Common law marriages are based on an agreement between the parties, without any paperwork or a formal ceremony performed by a person vested with authority to perform marriages. In my practice, I have met a number of people who believed they were “common law married” in North Carolina. Some people have the mistaken notion that if a couple lives together for some period of time, then the relationship is magically transformed into a legally valid marriage. Each state has laws that list the specific requirements of a marriage.
North Carolina is one of many states that does not permit common law marriage. A couple might have lived together for many years and even held themselves out as “husband and wife” but unless they have undergone the legal requirements of marriage, they were not legally married in this state. No doubt this is great news to some clients, who thought they “accidentally” got married, but bad news to others. And speaking of accidental marriage, much to the dismay of some of those same people, there is no accidental divorce (i.e., common law divorce).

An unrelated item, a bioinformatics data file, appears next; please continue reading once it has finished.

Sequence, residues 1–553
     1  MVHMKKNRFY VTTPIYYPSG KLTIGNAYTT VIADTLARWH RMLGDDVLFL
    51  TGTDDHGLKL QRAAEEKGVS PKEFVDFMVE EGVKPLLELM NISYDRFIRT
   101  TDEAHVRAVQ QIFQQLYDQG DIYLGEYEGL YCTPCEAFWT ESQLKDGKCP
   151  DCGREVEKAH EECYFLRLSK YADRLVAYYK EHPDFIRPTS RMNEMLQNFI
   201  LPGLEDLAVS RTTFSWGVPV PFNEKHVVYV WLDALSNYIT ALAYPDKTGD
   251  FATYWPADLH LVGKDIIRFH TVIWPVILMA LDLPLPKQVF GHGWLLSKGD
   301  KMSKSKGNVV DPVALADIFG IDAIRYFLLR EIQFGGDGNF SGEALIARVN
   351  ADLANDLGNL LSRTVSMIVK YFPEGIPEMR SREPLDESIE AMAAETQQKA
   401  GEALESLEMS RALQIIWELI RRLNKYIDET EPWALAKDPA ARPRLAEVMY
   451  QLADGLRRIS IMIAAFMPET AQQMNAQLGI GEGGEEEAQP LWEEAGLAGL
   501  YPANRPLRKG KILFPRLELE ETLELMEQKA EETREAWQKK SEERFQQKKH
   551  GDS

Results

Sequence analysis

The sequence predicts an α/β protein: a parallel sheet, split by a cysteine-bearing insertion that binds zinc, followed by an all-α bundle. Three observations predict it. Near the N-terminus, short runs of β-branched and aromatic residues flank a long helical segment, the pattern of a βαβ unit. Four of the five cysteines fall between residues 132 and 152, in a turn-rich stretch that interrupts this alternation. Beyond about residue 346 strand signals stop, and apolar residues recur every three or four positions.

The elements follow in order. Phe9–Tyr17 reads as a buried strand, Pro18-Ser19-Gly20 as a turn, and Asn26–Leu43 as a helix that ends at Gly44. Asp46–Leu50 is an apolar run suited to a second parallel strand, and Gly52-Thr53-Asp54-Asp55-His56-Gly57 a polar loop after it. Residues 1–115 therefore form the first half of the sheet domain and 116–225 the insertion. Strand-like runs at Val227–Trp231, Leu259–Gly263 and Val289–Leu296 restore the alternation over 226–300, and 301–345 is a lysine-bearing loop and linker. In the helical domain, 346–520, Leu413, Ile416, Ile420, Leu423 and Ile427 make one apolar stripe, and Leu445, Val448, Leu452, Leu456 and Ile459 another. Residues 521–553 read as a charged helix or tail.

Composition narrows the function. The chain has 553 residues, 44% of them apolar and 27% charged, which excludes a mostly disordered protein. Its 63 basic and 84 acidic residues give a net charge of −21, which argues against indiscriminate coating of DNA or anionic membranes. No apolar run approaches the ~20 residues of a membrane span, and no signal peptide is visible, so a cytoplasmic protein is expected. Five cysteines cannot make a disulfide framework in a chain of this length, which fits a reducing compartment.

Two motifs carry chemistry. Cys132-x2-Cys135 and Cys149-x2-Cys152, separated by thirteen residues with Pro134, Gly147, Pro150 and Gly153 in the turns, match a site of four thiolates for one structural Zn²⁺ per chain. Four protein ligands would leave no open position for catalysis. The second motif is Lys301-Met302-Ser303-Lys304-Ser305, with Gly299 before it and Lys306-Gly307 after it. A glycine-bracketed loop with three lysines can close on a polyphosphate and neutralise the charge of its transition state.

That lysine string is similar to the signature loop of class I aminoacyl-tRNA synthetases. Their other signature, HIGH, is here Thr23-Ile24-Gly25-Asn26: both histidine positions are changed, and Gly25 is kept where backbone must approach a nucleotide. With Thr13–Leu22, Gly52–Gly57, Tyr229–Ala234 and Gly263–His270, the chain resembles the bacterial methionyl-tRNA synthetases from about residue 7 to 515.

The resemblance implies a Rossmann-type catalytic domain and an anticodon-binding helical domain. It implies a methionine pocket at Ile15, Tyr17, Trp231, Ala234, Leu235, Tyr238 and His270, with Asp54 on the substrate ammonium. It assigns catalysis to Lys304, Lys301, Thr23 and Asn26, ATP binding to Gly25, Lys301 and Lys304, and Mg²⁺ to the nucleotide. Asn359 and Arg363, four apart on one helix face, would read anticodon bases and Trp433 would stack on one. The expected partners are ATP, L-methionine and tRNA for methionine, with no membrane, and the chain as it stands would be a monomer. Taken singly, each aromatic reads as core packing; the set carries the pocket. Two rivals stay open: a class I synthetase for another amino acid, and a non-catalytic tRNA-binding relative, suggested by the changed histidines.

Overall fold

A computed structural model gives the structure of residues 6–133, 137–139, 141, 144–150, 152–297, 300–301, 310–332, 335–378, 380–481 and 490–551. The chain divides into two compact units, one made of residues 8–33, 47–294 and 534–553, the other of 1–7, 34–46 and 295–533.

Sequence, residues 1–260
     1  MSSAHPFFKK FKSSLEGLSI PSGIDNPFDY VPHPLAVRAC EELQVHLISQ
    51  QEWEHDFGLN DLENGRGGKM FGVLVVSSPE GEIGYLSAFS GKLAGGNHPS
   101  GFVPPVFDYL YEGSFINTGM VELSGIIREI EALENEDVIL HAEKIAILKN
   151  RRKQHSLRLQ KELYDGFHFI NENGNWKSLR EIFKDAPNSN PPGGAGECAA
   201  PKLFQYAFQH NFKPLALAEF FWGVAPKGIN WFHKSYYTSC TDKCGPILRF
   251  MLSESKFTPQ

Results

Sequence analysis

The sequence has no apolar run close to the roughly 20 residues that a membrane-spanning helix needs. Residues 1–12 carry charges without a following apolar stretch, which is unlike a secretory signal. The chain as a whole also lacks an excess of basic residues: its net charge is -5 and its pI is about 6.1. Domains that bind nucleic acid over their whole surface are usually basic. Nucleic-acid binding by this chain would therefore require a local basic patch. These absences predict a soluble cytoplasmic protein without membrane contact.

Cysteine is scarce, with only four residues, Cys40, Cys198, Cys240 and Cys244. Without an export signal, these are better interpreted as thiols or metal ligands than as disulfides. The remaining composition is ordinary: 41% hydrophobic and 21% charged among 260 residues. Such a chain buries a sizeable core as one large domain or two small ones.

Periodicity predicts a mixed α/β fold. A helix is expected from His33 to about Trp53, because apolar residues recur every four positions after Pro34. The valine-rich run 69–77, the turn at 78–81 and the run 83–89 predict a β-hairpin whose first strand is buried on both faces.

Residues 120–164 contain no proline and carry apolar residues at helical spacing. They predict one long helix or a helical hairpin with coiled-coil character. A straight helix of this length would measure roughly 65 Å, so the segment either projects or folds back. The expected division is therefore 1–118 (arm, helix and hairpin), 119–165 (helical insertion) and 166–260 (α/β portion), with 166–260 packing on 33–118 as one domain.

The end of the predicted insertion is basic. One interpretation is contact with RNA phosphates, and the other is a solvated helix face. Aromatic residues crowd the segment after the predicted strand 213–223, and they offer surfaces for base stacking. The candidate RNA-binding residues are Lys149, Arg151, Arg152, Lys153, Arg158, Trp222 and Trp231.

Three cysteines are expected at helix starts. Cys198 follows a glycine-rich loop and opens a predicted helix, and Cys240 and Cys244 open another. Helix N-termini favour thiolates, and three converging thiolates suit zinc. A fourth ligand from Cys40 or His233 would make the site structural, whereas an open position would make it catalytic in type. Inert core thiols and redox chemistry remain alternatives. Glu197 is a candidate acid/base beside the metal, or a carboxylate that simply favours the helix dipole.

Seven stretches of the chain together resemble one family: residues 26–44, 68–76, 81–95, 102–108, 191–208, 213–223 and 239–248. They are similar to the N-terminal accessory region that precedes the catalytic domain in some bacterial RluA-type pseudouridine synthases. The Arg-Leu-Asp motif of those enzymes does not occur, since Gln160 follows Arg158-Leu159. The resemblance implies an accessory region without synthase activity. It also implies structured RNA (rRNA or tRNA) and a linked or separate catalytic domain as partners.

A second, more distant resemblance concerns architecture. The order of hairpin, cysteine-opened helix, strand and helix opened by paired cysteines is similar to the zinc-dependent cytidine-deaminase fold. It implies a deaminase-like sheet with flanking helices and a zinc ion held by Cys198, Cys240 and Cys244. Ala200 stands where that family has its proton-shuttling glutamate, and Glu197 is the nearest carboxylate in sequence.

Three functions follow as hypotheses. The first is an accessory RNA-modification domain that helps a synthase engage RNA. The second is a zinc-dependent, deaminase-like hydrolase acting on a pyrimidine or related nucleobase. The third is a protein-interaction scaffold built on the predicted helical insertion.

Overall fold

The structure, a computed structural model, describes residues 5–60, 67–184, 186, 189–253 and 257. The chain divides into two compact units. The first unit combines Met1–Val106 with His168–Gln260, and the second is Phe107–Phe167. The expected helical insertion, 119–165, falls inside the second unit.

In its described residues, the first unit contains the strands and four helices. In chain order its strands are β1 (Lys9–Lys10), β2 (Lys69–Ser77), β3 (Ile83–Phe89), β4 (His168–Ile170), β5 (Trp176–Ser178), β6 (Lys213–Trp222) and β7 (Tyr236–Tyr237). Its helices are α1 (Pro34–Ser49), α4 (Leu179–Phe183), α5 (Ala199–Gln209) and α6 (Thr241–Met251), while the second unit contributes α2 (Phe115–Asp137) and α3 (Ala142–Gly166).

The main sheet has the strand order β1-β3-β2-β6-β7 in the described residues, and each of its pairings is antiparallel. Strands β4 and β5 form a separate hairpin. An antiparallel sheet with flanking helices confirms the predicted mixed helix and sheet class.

What About Common Law Marriage From Other States?
There are U.S. states that recognize common law marriage. Some of those states are Western states that historically had to make a “do it yourself” marriage available to residents because there was such a small population that ministers or magistrates did not live in a town or close to one. Most of the settlers living in the Western U.S. did not want to “live in sin” without the benefit of marriage, so common law marriage in the United States was born. If a couple is validly married in another state that recognizes common law marriage, only then will North Carolina give their marriage decree full faith and credit, recognizing it as a valid marriage.